EDITORIAL - Dr Phillips and graffiti
Peter Phillips is right. If, indeed, we retreat to our homes, "we would have surrendered to the criminals".
So, the parliamentarian and former security minister must continue to speak out against criminality, hold his ground for a full explanation from the Government in the affair surrounding the US lobby firm Manatt, Phelps and Phillips, and continue to push for the Christopher 'Dudus' Coke extradition matter to be adjudicated by the courts.
For the fact is, on all these matters, Dr Phillips has made compelling arguments with which this newspaper can find no grounds to disagree.
Indeed, it is incontrovertible that crime and criminality place great stress on Jamaica and its social and political institutions. Unless we halt the trend and ease the pressure, Jamaica runs the risk of becoming a weak, if not outrightly failed state, masked by a facade of democracy.
What is possible
The more than 450 homicides so far this year and the impunity with which extortionists operate and gangs appropriate territory represent more than a hint of what is possible.
Yet, even as we acknowledge the potential dangers to Dr Phillips, and others, who warn of the hazards that lurk if we fail to take stock, there are risks, too, in seeing and hearing spectres in every flutter of a branch.
We refer, in this case, to the graffiti that has emerged in West Kingston accusing Dr Phillips of "sell(ing) out black people", which is a clear reference to his insistence that the Government should let the court decide whether Mr Coke, the reputed 'don' of Tivoli Gardens, should be extradited to answer drug smuggling and gunrunning allegations in the United States.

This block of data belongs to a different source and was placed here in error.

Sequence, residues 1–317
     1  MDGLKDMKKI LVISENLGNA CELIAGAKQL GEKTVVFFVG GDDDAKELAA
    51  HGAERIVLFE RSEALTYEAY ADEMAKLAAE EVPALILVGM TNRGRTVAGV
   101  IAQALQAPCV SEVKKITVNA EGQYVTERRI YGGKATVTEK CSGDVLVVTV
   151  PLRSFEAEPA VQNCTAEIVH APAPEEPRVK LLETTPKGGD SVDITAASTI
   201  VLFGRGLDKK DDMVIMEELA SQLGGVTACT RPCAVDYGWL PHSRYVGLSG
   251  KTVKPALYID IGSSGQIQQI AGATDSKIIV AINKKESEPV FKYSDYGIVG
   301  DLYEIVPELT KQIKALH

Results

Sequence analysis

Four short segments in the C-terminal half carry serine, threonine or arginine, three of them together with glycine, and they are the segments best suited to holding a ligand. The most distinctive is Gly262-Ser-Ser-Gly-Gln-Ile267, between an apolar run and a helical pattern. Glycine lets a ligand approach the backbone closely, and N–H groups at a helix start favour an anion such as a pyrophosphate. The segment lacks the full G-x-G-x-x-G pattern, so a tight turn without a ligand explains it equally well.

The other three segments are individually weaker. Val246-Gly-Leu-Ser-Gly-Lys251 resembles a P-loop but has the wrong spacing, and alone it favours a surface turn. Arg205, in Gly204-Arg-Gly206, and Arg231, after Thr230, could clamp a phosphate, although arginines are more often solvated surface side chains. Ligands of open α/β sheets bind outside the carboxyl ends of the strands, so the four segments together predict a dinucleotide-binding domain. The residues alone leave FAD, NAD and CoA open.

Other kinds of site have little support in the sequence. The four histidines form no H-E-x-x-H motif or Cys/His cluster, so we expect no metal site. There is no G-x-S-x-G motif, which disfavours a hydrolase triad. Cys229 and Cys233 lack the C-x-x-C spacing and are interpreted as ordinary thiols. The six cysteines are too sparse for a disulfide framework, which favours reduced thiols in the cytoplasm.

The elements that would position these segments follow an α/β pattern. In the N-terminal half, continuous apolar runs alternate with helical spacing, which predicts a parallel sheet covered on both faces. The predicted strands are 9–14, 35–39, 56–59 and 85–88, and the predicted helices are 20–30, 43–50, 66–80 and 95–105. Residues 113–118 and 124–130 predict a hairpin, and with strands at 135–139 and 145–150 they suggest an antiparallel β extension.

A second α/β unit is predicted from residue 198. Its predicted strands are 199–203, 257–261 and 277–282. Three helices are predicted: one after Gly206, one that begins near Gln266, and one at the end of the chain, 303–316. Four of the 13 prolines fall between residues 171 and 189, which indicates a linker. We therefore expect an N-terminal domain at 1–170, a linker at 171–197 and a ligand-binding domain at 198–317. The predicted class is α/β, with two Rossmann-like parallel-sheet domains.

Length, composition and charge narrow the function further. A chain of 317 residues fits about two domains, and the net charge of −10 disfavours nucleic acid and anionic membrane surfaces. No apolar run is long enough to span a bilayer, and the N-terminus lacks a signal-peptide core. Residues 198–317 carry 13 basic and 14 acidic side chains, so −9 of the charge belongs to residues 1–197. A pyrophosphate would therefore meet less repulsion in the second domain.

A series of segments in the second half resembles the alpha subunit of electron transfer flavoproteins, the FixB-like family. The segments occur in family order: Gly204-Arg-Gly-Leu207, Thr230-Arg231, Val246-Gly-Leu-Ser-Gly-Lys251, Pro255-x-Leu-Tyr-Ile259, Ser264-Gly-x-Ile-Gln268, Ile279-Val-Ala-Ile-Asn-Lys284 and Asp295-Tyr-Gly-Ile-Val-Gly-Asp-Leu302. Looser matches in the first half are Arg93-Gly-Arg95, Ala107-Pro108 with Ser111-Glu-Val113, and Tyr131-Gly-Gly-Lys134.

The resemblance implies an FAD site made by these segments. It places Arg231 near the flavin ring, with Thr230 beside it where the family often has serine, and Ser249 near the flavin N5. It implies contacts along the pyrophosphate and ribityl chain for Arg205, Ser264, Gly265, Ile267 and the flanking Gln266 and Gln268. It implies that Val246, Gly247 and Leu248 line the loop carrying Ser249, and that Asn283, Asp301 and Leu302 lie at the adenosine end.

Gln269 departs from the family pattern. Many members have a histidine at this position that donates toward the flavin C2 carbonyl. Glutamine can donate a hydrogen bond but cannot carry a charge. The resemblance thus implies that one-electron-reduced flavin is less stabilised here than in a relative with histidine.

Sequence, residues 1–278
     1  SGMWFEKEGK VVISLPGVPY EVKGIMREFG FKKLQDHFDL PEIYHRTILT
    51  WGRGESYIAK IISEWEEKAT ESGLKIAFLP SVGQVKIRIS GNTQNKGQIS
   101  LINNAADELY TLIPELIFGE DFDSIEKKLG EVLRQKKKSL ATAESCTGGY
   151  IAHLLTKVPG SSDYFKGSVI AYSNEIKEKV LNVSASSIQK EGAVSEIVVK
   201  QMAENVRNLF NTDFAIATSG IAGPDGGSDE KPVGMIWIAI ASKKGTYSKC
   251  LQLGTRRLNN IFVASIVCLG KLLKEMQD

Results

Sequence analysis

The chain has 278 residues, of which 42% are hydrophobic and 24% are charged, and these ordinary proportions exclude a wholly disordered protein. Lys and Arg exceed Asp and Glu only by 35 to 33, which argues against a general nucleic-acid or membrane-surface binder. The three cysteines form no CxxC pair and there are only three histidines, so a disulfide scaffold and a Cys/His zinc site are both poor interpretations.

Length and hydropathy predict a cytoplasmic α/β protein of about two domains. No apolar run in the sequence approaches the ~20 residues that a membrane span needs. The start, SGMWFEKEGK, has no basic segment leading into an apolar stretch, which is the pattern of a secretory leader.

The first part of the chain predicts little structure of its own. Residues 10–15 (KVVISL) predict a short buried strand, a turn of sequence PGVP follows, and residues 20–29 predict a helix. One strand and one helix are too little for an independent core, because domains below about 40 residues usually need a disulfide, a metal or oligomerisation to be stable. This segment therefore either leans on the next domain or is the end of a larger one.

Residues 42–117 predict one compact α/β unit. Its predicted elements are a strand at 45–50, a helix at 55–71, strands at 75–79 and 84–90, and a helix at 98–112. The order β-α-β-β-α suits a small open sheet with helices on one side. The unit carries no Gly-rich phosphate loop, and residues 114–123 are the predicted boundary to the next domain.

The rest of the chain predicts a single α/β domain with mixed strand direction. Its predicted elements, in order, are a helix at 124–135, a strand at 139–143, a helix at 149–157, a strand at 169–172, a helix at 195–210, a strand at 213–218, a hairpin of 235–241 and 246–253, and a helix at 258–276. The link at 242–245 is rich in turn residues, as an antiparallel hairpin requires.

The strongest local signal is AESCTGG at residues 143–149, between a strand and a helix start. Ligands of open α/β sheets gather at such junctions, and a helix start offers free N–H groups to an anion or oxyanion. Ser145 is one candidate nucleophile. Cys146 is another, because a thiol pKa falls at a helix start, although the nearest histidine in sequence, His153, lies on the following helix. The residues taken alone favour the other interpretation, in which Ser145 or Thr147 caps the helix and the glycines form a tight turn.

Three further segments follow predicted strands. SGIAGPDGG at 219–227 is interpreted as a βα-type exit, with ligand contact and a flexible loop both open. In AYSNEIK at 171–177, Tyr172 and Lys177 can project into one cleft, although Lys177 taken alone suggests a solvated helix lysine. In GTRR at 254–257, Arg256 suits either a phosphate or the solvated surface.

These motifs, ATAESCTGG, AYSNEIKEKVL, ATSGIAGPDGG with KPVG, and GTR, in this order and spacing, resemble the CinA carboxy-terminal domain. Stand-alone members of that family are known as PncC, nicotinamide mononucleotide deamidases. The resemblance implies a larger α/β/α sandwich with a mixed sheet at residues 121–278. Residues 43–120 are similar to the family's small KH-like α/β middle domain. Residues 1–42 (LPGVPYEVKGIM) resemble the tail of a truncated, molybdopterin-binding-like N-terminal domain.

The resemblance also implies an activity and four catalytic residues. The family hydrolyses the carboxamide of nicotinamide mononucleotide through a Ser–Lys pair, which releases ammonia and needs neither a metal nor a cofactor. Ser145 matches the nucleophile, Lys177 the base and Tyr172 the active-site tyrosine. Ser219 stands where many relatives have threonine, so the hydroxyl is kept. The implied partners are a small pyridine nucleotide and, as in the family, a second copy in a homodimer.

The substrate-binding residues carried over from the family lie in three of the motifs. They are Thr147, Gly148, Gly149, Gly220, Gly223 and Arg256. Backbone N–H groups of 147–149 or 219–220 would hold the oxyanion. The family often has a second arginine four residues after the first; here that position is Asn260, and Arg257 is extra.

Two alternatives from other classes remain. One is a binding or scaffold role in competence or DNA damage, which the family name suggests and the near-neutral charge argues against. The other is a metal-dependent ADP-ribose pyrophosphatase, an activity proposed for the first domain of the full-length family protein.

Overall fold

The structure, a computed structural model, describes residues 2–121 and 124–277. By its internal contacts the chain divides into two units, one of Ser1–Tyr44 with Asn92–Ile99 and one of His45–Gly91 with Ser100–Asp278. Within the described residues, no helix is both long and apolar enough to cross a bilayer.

Dr Phillips also wants the facts on who paid Manatt to lobby the Americans on Jamaica's behalf, apparently on the Coke affair, if the Government, as it insists, had no agreement, either directly or by proxy, with the US firm.
The West Kingston graffiti has been interpreted as a threat to Dr Phillips. And they could well be.
Unsafe and unfair
However, we would advise that it would be unsafe and unfair to assume that the graffiti was orchestrated by the political centre and somehow represent the work of the governing Jamaica Labour Party.
Crude graffiti, after all, is well ingrained in the communication culture of Jamaica's inner cities, often the work of idle youngsters with no real intent beyond the splash.
Obviously, it is of concern that there are persons, even if only a single individual, who would feel that Dr Phillips' concern for the rule of law, transparency by the state and decency in governance would equate to "sell(ing) out black people".
But even as he is careful, in the absence of more, Dr Phillips and others should be careful about elevating tenement scrawls to grand conspiracies.
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